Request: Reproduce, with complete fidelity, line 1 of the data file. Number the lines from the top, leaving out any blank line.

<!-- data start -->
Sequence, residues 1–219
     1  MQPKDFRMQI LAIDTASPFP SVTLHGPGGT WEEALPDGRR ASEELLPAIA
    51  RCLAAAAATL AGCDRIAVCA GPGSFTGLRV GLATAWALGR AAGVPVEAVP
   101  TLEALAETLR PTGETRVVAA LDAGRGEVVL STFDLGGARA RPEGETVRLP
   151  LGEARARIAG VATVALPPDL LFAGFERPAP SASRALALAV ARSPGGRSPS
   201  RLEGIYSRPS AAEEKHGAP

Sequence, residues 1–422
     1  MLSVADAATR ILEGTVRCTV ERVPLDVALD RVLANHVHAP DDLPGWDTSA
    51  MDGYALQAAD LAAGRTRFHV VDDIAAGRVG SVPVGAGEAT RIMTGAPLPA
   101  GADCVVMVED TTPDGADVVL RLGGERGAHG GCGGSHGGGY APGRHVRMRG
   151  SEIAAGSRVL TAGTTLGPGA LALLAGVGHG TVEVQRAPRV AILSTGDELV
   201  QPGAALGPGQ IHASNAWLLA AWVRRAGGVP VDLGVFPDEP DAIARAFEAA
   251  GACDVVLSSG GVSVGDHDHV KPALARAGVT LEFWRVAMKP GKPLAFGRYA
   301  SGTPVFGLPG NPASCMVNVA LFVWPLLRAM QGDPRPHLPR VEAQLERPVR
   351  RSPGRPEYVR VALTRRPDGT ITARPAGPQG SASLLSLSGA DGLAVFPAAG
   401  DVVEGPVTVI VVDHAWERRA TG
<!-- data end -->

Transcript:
Sequence, residues 1–219